recognizing that “[t]here are only two instances where any appellate court of this state has ever directed the trial judge to set aside its order granting motion for new trial”: when the order was void or when the trial court erroneously concluded that the jury's answers to special issues conflicted irreconcilablySummary of this case from In re Toyota Motor Sales, U.S.A., Inc.
October 3, 1961. Rehearing Denied November 8, 1961.
Lumpkin, Watson, Dunlap Smith, Wayne Bagley, Amarillo, for relators.
Monning Monning, Amarillo, for respondents.
This is an original mandamus proceeding by relators, J. E. Johnson, County Judge of Armstrong County, Texas, Armstrong County, Texas, and the State of Texas, seeking to compel the respondent, the Court of Civil Appeals for the Seventh Supreme Judicial District of Texas, at Amarillo, to rescined its order granting a writ of mandamus against relator Johnson, directing him to set aside his order granting a new trial in Cause No. 826 in the County Court of Armstrong County, and to enter judgment in said cause in accordance with the jury verdict in favor of the condemnees in said cause. Other respondents named are James G. Denton, Chief Justice of the Court of Civil Appeals of the Seventh Supreme Judicial District of Texas, the Honorable Alton B. Chapman and the Honorable E. O. Northcutt, its Associate Justices, Elmo Payne, its Clerk; and Anna I. Hibbets, Frank J. Hibbets, George H. Moore and his wife, Mary Shaughnessy Moore, Frank Allen Keith and his wife, Frances Shaughnessy Keith, Ann Shaughnessy Kelly and James Cope.
This matter involves a condemnation suit in Armstrong County. After the jury had rendered its verdict on special issues in the County Court trial, Armstrong County and the State of Texas, the condemnors and relators here, made a motion for new trial, setting out six grounds of error. During term time the trial court, after hearing the motion, granted the new trial without stating any reason for granting same. Thereafter, on or about October 26, 1960, the condemnee respondents filed application for writ of mandamus in the Court of Civil Appeals for the Seventh Supreme Judicial District of Texas, which was granted, and the writ of mandamus was ordered to be issued in its opinion of January 3, 1961, and reported in 342 S.W.2d 642.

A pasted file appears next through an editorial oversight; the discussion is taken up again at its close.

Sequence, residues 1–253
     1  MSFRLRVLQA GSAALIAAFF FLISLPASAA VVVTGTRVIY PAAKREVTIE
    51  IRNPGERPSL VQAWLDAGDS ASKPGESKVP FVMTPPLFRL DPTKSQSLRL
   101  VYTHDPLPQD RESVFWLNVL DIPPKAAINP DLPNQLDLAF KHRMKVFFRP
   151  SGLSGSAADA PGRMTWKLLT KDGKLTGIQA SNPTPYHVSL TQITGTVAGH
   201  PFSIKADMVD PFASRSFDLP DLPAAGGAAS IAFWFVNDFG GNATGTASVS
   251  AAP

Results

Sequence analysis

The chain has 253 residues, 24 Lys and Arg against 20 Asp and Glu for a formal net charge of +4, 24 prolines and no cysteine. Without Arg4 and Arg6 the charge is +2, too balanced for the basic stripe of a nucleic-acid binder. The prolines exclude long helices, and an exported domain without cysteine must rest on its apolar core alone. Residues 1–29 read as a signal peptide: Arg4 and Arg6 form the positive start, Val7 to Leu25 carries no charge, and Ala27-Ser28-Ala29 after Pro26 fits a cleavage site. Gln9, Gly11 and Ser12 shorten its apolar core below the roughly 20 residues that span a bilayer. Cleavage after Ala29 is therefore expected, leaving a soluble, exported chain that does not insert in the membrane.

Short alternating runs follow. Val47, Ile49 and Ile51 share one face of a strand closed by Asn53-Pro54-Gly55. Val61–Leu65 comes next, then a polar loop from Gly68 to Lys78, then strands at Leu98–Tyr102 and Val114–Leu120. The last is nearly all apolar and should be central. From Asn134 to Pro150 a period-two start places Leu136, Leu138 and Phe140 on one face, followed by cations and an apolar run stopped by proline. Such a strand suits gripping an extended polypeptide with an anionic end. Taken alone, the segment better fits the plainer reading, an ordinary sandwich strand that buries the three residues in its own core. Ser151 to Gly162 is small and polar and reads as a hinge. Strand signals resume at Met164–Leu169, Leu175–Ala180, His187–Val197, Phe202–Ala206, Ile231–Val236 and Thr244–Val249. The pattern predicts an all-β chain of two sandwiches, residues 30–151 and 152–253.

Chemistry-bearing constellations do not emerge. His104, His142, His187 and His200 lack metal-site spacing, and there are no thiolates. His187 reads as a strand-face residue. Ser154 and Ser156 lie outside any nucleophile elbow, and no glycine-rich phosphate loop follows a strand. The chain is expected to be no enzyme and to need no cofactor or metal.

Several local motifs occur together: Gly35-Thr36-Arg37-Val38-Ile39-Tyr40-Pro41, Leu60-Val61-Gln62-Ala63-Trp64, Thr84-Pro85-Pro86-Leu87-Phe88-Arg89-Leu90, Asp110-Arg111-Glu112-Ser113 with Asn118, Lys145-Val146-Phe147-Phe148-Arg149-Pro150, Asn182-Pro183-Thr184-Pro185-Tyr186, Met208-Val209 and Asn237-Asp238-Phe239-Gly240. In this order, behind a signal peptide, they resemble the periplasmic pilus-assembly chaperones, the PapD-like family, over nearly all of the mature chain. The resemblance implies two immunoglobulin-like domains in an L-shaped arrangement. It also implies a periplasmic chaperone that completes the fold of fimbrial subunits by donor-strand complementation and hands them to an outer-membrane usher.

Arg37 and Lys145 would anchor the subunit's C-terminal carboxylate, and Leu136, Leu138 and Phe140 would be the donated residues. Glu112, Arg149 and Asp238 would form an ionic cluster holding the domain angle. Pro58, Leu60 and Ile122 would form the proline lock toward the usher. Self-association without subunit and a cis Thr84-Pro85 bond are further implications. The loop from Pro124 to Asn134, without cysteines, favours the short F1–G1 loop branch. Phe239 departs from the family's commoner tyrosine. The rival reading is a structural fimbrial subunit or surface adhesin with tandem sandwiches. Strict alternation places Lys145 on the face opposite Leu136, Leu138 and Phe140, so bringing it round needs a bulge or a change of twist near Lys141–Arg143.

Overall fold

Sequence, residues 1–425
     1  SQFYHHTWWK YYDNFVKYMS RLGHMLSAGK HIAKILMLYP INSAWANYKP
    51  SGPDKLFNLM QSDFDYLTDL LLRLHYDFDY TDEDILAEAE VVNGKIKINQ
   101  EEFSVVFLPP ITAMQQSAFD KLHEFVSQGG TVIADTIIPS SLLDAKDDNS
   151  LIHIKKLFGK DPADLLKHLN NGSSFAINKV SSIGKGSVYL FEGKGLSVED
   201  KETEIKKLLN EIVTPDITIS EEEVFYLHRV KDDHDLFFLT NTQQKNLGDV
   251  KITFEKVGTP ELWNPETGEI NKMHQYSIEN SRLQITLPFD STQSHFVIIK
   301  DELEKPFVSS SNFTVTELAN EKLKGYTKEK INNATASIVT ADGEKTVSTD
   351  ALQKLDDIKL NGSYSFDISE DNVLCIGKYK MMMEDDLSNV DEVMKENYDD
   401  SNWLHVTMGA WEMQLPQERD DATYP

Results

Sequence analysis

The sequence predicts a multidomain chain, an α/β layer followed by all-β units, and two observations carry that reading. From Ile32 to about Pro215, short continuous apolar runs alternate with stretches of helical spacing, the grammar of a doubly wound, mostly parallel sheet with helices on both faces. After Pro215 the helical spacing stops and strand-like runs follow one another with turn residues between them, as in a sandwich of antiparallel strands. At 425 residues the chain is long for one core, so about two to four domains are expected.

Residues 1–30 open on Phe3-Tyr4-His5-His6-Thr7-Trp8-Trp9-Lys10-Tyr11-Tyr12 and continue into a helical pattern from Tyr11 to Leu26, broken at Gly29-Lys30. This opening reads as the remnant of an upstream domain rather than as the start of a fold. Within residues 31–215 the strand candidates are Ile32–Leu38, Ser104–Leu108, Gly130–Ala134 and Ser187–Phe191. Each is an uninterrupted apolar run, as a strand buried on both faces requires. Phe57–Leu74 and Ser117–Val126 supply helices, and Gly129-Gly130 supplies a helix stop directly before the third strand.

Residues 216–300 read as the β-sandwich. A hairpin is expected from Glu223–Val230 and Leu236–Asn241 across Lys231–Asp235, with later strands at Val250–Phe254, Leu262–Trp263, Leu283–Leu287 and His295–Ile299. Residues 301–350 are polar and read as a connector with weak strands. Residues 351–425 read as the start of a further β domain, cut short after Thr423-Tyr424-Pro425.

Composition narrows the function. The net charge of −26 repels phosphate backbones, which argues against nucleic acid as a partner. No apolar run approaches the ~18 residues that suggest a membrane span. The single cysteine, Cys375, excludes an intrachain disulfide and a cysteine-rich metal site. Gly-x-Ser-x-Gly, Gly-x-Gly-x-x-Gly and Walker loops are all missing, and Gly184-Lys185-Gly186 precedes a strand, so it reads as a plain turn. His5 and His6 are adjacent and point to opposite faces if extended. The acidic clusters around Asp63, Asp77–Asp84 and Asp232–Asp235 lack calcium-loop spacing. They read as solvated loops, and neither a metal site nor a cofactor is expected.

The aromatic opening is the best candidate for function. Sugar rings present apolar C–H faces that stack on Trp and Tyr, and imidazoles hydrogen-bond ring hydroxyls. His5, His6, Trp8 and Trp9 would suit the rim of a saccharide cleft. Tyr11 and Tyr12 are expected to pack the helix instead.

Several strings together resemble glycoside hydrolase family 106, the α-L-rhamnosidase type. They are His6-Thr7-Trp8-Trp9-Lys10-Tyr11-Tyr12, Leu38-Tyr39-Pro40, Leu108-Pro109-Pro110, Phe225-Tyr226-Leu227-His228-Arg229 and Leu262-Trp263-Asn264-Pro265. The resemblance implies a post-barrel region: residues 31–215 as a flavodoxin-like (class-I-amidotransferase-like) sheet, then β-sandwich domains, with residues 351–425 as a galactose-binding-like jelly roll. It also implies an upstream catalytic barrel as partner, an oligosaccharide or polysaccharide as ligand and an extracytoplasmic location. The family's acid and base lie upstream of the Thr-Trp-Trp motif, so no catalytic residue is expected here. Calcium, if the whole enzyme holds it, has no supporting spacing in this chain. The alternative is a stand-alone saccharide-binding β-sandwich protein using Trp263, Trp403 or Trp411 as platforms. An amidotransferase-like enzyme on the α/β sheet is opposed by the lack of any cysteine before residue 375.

This court has jurisdiction to entertain the application for writ of mandamus under Art. 1733, Vernon's Ann.Texas St., which reads in part as follows:
"The Supreme Court * * * shall have power to issue writs of * * * mandamus agreeable to the principles of law regulating such writs, against any district judge, or Court of Civil Appeals or judges thereof * * *."
We hold that the Court of Civil Appeals did not have authority to order the writ of mandamus to issue.
It is the general rule, well established, that an appellate court will not review by mandamus an action of the trial court granting a new trial while it still has jurisdiction of the cause. The discretion and judgment of the trial court in granting a new trial cannot be controlled or directed by mandamus. Angelina Casualty Co. v. Fisher, Tex.Civ.App., 319 S.W.2d 387; Anchor v. Martin, Tex.Com.App. 1927, 116 Tex. 409, 292 S.W. 877; Trevino v. Doughty, 311 S.W.2d 276, San Antonio Court of Civil Appeals, and many other authorities not necessary to list herein.
There are only two instances where any appellate court of this state has ever directed the trial judge to set aside its order granting motion for new trial. These instances are:
(1) When the trial court's order was wholly void as where it was not entered in the term in which the trial was had; and
(2) Where the trial court has granted a new trial specifying in the written order the sole ground that the jury's answers to special issues were conflicting.
Neither of the two situations exists here, The motion for new trial was granted during termtime, and the trial court did not specify on what grounds he was granting the motion for new trial.
The Court of Civil Appeals in granting the writ of mandamus stated in its opinion that the action of the trial court in granting the new trial was an abuse of its discretion and a violation of its clear duty under the law and that there was no adequate remedy of appeal. In support of its opinion that mandamus would lie in such a situation the court cites Stakes et al. v. Rogers, 139 Tex. 650, 165 S.W.2d 81; City of Houston v. Adams, 154 Tex. 448, 279 S.W.2d 308. Both cases were decisions by the Supreme Court and involved matters other than motions for new trial. While under the broad language of Article 1733, V.A.T.S., this court does have the power to correct abuses of discretion in certain lower courts where there is no adequate remedy by appeal, Courts of Civil Appeals have no such power. Crane v. Tunks, Tex., 328 S.W.2d 434. The authority of the Court of Civil Appeals to issue writs of mandamus is limited to that given in Articles 1823 and 1824, V.A.T.S. They may only issue writs necessary to enforce their jurisdiction or to compel a district or county court to proceed to trial and judgment in a cause. Rule 300, Texas Rules of Civil Procedure, provides that where a special verdict is rendered the court shall render judgment thereon unless set aside or a new trial is granted or judgment is rendered notwithstanding the verdict or jury findings under the rules. Since the motion for new trial was granted by the trial court it was not required by the rules to render judgment in the cause, and the Court of Civil Appeals is without authority to so order.
The record in this case shows that the writ of mandamus has not been issued by the Clerk of the Court of Civil Appeals for the Seventh Supreme Judicial District. Assuming that the Court of Civil Appeals will set aside its order directing mandamus to issue, we withhold issuing a writ of mandamus until further order of this court.